'No-Go' Zones

Teaching practice is intended as an opportunity to develop your skills and techniques in a teaching environment. Whilst recognising the problems faced by some schools, it is essential to guard against the misuse of teaching practice and the exploitation of students. The Teachers Federation has developed this charter for the protection of its student teacher members.

NSWTF Practice Teaching Charter

  • No student-teacher should be asked to cover for an absent permanent, temporary or casual member of staff. Teaching practice is intended to develop and assess your skills in a controlled environment. To be asked to cover an 'extra', often at short notice and without adequate preparation, is an abuse of teaching practice.
  • The teacher whose class you are taking should not be engaged in teaching duties or cover. He/she should be readily available in case of assistance or any emergencies.
  • Your timetable should not be equivalent to a full time teachers load. Class contact time to leave you with adequate time for marking and preparation. This is in recognition that a student-teacher will by definition require more time to complete preparation and marking. In addition a student -teacher may have research projects, assignments related to the 'prac' to complete.
  • You should not be required to mark official school attendance rolls/ registers. (It is permissible to mark a class roll if it is part of the school's discipline and welfare policy, or part of your class room management routine.)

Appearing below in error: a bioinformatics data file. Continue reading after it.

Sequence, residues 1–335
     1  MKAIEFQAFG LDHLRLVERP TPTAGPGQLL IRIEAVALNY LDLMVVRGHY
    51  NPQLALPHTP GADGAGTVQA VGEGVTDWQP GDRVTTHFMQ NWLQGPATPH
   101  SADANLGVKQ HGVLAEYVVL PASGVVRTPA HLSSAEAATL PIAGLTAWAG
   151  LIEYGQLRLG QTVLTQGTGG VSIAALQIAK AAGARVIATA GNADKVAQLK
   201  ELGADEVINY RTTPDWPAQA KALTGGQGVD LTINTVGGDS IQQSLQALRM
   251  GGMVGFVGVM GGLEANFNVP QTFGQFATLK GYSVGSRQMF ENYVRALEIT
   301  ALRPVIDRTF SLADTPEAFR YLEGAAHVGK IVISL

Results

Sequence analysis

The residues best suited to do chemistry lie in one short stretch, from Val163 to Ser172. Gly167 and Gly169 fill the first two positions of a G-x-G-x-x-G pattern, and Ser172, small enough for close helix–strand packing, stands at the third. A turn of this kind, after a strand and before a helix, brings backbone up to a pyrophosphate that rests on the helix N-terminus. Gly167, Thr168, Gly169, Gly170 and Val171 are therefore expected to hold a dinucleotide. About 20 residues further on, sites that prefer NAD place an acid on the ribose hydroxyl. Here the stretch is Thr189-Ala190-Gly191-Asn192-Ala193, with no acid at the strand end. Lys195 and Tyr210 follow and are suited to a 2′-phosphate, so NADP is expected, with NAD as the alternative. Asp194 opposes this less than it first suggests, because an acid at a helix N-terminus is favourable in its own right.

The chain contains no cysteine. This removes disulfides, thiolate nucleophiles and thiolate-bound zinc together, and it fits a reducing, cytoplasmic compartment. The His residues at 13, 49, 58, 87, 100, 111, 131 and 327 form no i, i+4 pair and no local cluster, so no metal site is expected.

• You should not be required to undertake playground supervision alone - it is permissible to accompany your supervising teacher on their programmed playground duty.You should not be required to undertake bus duty or road crossing duty.
  • You should not be asked to administer medication or carry out any medical treatment of pupils. This does not over-ride your likely 'duty of care' in the case of providing emergency assistance to a student in the case of an accident/emergency.
  • You are not required, by either the school or the university, to be at school if industrial action or stop-work meetings have been called by the NSW Teachers Federation's executive or council.
  • It is very unlikely that you would be asked to do any of these things. If, however, you are concerned about the level of support you are receiving on your placement, then speak to your Teachers Federation Representative or your teaching practice lecturer.